Dr. Bernard Amadei shares the Heinz Award in the Environment for his work to improve the quality of life in some of the world's poorest communities.
By all accounts, Dr. Bernard Amadei had established an impressive, though mainstream, academic career in engineering at the University of Colorado at Boulder, where he arrived in 1982 after earning his Ph.D. from the University of California at Berkeley. In 2000, however, his career took an abrupt turn.
Invited by a representative of the Belize Ministry of Agriculture, Dr. Amadei visited San Pablo, a Mayan village of 250 people, to examine the possibility of designing and installing a water delivery system to the village. What he saw, he said, "broke my heart": a village with no electricity, running water or sanitation, and, because most villagers worked at a nearby banana plantation, the responsibility for carrying drinking and irrigation water from a nearby river to the village fell to the village children. Professor Amadei returned to Boulder and recruited eight University of Colorado students in civil and environmental engineering, as well as a local civil engineering expert, to work on the project.
He eventually founded Engineers Without Borders - USA (EWB-USA), which applies a combination of professional expertise and selfless compassion to remote areas of the world. Over the past seven years, and buoyed by the success of the Belize project, Dr. Amadei and EWB-USA have since grown to 224 projects in 43 countries, 8,000 members and 235 established university and professional chapters. In 2001, he co-founded the EWB-International Network, which is now in 45 countries.
Projects typically "find" Engineers Without Borders. Many projects are brought to the organization by universities with international exchange programs, in-country volunteers or by non-profit organizations that have funding but lack the engineering expertise to get the projects done.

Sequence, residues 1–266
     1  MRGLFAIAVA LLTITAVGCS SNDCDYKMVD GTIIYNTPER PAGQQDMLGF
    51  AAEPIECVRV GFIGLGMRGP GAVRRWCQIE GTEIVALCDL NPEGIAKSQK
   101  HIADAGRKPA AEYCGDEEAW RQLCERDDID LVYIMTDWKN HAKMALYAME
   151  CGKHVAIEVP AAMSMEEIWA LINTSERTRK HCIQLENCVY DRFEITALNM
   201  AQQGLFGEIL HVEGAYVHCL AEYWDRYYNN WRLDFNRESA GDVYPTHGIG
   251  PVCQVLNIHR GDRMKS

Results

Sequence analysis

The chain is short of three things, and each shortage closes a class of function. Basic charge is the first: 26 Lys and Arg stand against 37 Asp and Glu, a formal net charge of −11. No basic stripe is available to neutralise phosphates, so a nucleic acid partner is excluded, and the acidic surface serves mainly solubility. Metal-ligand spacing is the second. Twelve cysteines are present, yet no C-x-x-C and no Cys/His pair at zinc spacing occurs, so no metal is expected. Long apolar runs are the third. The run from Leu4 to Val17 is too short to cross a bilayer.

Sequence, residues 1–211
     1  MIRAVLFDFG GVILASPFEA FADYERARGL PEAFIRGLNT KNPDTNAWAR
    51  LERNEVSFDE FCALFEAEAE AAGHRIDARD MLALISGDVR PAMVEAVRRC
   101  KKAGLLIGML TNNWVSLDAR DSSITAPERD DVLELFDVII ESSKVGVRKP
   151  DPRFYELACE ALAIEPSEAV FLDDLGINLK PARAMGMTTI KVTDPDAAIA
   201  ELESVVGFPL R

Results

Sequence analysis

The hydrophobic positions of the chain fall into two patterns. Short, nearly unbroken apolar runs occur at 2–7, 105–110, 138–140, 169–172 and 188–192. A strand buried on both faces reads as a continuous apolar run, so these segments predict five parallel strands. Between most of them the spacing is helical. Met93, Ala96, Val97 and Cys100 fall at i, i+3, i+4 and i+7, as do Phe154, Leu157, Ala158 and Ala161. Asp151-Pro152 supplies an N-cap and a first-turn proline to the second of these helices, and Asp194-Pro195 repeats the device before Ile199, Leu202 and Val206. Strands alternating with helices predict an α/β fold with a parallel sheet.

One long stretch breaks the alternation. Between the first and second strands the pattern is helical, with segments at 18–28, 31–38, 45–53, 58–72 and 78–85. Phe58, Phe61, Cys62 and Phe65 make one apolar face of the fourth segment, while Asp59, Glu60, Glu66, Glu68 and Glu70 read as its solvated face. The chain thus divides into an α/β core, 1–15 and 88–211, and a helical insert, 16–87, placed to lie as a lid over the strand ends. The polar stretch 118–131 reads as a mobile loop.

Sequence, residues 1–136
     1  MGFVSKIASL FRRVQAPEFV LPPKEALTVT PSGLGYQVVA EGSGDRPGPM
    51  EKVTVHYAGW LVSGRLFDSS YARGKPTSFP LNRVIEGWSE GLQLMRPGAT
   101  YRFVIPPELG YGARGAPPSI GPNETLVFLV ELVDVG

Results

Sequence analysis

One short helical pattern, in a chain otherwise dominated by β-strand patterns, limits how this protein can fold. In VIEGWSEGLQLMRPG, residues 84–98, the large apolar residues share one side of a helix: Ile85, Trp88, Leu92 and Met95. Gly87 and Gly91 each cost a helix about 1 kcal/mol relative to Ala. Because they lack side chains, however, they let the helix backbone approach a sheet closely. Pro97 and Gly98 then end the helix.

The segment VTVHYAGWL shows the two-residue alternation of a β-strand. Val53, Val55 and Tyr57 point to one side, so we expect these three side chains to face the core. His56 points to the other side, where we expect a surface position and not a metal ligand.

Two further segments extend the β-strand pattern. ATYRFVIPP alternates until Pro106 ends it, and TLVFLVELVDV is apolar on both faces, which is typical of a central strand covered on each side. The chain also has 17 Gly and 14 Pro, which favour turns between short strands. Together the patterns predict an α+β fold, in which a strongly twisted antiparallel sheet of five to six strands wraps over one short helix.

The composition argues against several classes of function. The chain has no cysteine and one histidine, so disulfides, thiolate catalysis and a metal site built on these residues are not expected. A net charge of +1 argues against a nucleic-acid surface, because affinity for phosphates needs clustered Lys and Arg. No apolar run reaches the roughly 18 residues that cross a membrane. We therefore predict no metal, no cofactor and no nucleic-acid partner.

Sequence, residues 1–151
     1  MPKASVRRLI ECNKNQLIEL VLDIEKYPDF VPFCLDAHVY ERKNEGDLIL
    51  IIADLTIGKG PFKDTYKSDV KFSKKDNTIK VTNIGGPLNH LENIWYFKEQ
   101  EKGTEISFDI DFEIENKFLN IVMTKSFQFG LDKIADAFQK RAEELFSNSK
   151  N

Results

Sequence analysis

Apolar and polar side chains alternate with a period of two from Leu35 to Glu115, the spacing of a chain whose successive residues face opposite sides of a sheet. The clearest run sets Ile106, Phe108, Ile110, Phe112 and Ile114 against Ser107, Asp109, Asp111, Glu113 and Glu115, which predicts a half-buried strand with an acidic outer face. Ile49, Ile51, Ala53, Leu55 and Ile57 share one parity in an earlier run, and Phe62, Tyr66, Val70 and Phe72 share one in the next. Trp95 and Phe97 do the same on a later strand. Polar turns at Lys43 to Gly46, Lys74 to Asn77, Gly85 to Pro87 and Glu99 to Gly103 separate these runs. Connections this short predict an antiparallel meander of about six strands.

Back at the University of Colorado, Dr. Amadei has created a new program called Engineering for Developing Communities. Its overall mission is to educate globally responsible engineering students and professionals who can offer sustainable and appropriate solutions to the endemic problems faced by developing communities worldwide.
Dr. Amadei's engineering solutions are grounded in the principles of environmental, social and economic sustainability that restore human dignity, peace and economic health to poor villages. And he is a man of action, going well beyond the halls of academia to help students and professionals in the United States and elsewhere live lives with purpose by freeing others from oppression and poverty. Through his organization and outreach efforts around the world, Professor Amadei is leaving a legacy of others who will carry on his work.
With the practical insight of an engineer and the compassion of a global humanitarian, Dr. Bernard Amadei is literally transforming pockets of the world that lack even the most basic living infrastructures. His talented and dedicated network of academics, professionals and students is engaged in making sustainable changes that are profoundly improving the lives and fortunes of some of the world's poorest people.
Note: This profile is excerpted from the commemorative brochure published at the time of the awards' presentation.
UPDATES SINCE RECEIVING THE HEINZ AWARD
February 2008 - Amadei is elected to the National Academy of Engineering for "the creation of Engineers Without Borders, leadership in sustainable development education, and research on geomechanics." - National Academy of Engineering
February 2008 - In celebration of National Engineers' Week, Drexel University announces its selection of Amadei as 2008 Engineer of the Year. - Drexel University
10/22/2007 - Acceptance Speech
Thank you Mrs. Heinz and thank you for giving me this great honor to receive this award from the Heinz Foundation. I'm receiving this award on behalf of a lot of people, of Engineers without Borders, the staff of Engineers without Borders, the executive director of Engineers without Borders, Kathy Leslie who is with us tonight. The volunteers of Engineers without Borders, we have about 9,000 people across the country, who are really trying to make this world a better place. And also, all of the communities that we are serving, all of the people who are looking for a better future, hope, who want clean water, sanitation, the basic things that for us, we take for granted.